A York candidate in the upcoming General Election is aged just 21, making him one of the youngest in the country.

John Crispin-Bailey was born in York Hospital in February 2003, has lived in Wiggington all his life, attending Wiggington Primary School and the Joseph Rowntree School and Sixth Form.

John’s career to date includes working as a personal and fitness trainer and as a model and actor, before working for a mortgage advisor company, where he hopes to become a qualified mortgage advisor.

John said: “I used to do bits of tv work, as a background artist, with minor acting roles. It was amazing.”


He has appeared in TVs Waterloo Road and Malpractice, as well as the British-made Prime Video teenage rom-com How to Date Billy Walsh.

Earlier this year, he joined Wiggington Parish Council.

John told the Press: “We are very lucky to live where we are. It’s a nice place to live. I want it to stay that way.”

Whilst polls show about half the country’s 18s-24s plan to vote Labour, Reform and the Lib-Dems are joint-second on 10% and the Tories on 9%.

John is the candidate for Reform UK, saying its policies and values fit own his best, particularly those on taxation and defence.

Many of its policies will benefit younger people, not just older ones, he says.

(Image: pic supplied)

These include scrapping the interest to be paid on student loans and extending the repayment term to 45 years, as he says it is ‘not easy’ to repay student debt.

At present central government limits the number of placements in medical schools at 10 years. Reform would remove that limit, ending the shortage of doctors and nurses.

If elected, Reform would also write-off the student debt of those who work in the NHS for ten years.

And his ‘favourite policy’ is a Reform government would raise the tax-free threshold to £20,000 a year.

“We won’t see tax cuts that still only favour the rich. If you are only earning £20-30,000 a year, this helps the poor more than the rich,” he said.

Such a move could help people invest in themselves, such as more study or buying a house.

John also backs Reform policies to allow nurses and police to train on the job, rather than have to go to university and build up debt.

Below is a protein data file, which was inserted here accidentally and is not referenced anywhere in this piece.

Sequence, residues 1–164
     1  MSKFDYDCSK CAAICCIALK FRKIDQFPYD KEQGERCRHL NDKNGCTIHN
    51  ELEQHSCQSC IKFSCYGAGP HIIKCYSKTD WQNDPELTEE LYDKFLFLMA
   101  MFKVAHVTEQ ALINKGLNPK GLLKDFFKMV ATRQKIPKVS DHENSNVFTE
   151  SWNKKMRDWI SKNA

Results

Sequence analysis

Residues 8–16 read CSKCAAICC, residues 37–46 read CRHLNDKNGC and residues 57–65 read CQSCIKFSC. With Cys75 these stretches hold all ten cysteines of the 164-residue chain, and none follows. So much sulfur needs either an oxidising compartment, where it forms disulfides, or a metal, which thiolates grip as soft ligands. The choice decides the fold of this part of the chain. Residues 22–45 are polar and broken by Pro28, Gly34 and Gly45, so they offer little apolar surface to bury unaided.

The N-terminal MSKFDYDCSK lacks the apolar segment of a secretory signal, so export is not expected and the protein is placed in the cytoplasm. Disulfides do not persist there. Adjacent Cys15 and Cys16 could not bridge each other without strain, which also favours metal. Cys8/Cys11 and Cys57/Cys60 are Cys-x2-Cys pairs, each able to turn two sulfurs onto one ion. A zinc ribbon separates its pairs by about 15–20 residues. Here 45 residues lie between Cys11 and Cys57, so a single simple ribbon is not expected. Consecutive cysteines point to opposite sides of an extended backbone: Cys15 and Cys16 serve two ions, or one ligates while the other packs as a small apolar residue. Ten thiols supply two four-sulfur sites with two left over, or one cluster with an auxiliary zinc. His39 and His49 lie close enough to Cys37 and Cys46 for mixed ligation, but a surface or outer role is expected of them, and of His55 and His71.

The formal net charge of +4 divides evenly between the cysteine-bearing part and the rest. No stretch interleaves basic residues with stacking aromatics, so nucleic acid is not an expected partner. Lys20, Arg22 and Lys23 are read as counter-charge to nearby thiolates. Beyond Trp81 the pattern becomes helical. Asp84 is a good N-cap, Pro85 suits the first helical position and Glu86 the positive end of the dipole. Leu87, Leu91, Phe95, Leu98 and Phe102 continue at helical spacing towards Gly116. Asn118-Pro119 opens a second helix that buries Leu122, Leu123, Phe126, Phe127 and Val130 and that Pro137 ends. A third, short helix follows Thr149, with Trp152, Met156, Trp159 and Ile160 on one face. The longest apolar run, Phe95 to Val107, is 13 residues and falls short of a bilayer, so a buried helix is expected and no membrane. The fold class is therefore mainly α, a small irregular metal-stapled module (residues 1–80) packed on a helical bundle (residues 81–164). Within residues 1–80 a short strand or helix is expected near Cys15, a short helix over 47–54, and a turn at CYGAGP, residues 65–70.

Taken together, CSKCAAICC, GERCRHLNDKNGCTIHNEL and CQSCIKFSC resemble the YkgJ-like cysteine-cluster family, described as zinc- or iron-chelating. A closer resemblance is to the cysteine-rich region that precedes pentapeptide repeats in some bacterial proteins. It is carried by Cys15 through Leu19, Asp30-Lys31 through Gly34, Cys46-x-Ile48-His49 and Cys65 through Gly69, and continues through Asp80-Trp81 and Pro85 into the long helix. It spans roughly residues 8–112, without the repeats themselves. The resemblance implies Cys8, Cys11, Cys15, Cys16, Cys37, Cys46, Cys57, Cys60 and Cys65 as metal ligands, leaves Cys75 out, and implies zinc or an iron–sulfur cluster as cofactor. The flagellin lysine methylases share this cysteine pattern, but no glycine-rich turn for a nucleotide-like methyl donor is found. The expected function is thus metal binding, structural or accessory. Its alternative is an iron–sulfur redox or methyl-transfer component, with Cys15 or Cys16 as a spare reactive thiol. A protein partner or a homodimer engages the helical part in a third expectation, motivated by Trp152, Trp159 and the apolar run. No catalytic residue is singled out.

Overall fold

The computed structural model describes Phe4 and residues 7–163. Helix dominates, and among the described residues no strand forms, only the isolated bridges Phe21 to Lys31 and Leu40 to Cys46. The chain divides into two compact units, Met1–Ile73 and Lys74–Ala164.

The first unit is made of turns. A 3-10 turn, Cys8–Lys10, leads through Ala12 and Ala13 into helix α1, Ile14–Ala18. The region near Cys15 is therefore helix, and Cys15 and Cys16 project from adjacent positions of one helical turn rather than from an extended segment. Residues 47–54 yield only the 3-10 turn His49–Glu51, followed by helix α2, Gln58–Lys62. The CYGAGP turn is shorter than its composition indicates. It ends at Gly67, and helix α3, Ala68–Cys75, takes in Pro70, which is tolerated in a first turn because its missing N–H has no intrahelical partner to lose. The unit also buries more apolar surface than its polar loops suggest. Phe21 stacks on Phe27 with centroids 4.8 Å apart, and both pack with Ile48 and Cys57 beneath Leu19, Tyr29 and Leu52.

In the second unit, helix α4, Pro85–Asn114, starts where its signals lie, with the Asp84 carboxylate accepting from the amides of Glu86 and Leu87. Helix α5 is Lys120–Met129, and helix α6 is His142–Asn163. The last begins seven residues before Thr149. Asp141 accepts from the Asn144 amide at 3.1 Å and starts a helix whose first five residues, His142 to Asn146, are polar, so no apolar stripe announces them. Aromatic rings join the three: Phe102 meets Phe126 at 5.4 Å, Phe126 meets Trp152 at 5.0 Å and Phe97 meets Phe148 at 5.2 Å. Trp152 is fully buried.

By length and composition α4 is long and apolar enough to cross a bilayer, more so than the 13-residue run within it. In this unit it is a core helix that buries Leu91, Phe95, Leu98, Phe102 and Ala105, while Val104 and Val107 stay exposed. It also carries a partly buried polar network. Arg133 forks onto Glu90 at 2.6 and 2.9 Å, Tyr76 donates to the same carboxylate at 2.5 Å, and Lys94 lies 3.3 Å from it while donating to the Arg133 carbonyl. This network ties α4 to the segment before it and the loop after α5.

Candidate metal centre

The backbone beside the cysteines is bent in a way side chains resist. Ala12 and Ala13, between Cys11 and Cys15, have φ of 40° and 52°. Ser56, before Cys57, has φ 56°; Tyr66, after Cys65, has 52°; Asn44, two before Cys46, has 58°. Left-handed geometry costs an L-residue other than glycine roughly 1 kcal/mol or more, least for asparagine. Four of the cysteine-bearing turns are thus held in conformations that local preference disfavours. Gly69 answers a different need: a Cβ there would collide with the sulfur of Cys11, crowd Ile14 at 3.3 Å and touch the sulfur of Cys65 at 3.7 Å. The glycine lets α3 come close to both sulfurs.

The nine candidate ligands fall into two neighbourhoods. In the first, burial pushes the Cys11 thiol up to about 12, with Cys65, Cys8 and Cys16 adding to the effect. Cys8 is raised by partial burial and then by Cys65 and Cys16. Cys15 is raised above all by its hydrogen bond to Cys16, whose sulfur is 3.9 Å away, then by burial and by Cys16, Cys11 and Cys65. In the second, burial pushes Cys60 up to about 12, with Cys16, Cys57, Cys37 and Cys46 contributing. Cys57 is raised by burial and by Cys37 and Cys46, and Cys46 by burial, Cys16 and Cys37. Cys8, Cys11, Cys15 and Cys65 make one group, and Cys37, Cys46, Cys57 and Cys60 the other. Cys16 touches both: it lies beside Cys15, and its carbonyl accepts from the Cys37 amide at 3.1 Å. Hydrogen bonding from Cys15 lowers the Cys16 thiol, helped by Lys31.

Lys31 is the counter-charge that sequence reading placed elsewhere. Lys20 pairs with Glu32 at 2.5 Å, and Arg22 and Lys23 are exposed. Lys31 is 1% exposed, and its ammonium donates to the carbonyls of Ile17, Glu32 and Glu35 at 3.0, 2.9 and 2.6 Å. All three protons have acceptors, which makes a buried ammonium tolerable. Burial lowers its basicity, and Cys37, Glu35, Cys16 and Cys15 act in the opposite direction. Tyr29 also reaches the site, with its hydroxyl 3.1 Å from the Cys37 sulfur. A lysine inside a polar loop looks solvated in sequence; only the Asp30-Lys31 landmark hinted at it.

The committee member of groups including the Haxby and Wiggington Youth and Community Association plans to start leafletting this Thursday.

John said: “The biggest challenge that Reform UK faces is not everybody has heard of us. If we get our vote out, I think we will do really well this election.”

“Hopefully we will see some MPs and Nigel Farage taking Clacton, getting a few voices in parliament.”

From this platform, Reform plans to win the General Election of 2029.

John added: “I want to show people we are here and there’s a fresh option- a third way of doing things.” 

“One thing is for certain, this is likely to be the most consequential election in a generation, and every voter has the opportunity to change political history on the 4th of July, with nothing more than a pen or pencil. The power is in the hands of the people."

* Labour also has a 21-year-old candidate in Essex and the Greens have a 20-year-old standing in North Devon, all considerably younger than Labour’s Keir Mather, who was elected in the Selby & Ainsty by-election last July, when aged 25, becoming Parliament’s youngest MP.

The other candidates for York Outer are: Darren Burrows (Ind), Luke Charters (Labour), John David Eadington (Yorkshire Party), Keith Hayden (Independent), Andrew Hollyer (Liberal Democrat), Michael Kearney (Green) Halaenas Mayne (Independent) and Julian Sturdy (Conservative).